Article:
As was the case with yesterday's recital, there was considerable variation across this afternoon's extensive program of offerings. Once again, however, there were positive surprises, the most impressive of which was a truly stimulating reading of the first movement of Franz Schubert's C Major string quintet D. 956, scored for two cellos rather than two violas. This is another gem from Schubert's final year, which, as I have previously written, was "a time when he was as adventurous in composition as he was prolific." The added weight on the cello side is just the beginning of the adventure, as is the two-measure crescendo from piano to forte that opens the movement that the students performed. This was decidedly a case in which all five students were intimately connected to both Schubert's score and each other. Admittedly, I may have some bias, having come to this recital after having endured some rather lackluster readings of Schubert in cyberspace; but, since this is a piece I know very well, I feel I can have some objectivity in saying that this was a reading well worth the wait of most of the afternoon.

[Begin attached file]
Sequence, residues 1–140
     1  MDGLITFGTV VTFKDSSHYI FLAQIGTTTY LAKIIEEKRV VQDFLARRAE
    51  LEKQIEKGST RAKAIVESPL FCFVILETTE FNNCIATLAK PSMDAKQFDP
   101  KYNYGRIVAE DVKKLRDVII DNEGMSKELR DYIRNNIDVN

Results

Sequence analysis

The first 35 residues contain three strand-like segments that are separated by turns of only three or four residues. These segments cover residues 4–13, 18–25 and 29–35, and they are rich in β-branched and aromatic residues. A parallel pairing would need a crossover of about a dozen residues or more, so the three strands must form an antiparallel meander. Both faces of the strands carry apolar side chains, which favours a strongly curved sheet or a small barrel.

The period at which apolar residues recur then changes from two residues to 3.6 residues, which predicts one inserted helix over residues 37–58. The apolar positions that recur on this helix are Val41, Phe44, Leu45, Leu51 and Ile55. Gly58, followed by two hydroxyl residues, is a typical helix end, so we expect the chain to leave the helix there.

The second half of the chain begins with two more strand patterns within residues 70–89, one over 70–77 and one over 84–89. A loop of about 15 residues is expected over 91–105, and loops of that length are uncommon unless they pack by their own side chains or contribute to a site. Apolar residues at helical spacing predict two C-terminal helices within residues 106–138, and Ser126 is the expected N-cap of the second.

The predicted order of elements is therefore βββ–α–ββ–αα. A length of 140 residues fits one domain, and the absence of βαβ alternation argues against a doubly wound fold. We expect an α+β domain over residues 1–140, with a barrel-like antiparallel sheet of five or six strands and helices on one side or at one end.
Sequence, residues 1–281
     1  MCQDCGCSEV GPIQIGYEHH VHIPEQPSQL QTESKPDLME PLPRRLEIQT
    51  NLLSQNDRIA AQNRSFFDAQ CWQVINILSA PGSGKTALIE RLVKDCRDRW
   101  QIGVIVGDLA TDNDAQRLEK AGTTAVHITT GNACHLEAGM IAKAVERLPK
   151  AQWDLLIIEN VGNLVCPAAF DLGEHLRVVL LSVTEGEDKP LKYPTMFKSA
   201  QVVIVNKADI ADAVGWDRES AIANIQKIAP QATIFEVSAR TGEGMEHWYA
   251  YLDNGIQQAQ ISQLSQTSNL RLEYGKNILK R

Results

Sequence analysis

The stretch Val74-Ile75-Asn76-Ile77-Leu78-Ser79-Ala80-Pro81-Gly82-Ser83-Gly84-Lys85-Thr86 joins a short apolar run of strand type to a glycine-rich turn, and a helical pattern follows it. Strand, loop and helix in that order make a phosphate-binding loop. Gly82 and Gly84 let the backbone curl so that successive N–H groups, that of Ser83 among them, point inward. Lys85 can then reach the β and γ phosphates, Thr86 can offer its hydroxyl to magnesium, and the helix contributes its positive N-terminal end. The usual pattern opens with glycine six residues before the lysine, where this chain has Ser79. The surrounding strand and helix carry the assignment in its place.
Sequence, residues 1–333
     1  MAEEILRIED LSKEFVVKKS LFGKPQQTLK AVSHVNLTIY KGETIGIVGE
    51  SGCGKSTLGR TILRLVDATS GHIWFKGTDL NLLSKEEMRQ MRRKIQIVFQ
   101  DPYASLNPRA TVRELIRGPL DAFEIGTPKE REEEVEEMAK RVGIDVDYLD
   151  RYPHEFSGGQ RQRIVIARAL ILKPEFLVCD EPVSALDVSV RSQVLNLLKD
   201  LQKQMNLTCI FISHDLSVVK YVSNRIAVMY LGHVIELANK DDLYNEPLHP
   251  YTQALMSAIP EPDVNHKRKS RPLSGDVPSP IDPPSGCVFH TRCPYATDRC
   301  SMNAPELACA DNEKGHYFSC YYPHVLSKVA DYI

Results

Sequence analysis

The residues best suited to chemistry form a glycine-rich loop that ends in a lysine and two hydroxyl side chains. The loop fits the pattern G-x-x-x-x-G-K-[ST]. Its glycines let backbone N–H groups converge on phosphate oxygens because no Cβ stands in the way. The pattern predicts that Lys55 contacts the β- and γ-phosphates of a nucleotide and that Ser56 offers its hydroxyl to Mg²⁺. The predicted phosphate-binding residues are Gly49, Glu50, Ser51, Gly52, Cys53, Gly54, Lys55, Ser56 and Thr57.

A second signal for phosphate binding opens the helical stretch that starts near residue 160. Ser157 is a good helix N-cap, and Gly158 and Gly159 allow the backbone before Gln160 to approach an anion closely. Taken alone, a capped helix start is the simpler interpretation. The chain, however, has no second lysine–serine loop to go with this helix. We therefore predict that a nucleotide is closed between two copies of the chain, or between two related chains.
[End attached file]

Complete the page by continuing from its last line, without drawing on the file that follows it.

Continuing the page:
There was also a somewhat more evident sense of wit in this second recital, particularly in a wind quintet performance of Malcolm Arnold's setting of three sea shanties. Arnold begins with a truly inebriated paraphrase of "The Drunken Sailor" and from there goes madly off in all directions (as James Thurber once said). Wind players cannot get away with smiling while playing; so the fact that they "got" the humor of Arnold's approach had more to do with the fearless renditions of his most raucous gestures, particularly coming from the horn, which gets out of line with all sorts of Whitman-like yawps. If yesterday's effort to make fun of Rachmaninoff may have been lost in the performers' seriousness, Arnold's particular approach to humor could not be suppressed.